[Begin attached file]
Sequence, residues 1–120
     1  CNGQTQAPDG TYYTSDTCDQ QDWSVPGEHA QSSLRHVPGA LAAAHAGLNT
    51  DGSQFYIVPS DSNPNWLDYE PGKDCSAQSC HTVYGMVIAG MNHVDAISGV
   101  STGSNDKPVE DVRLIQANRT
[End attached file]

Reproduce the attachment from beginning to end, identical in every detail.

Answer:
Sequence, residues 1–120
     1  CNGQTQAPDG TYYTSDTCDQ QDWSVPGEHA QSSLRHVPGA LAAAHAGLNT
    51  DGSQFYIVPS DSNPNWLDYE PGKDCSAQSC HTVYGMVIAG MNHVDAISGV
   101  STGSNDKPVE DVRLIQANRT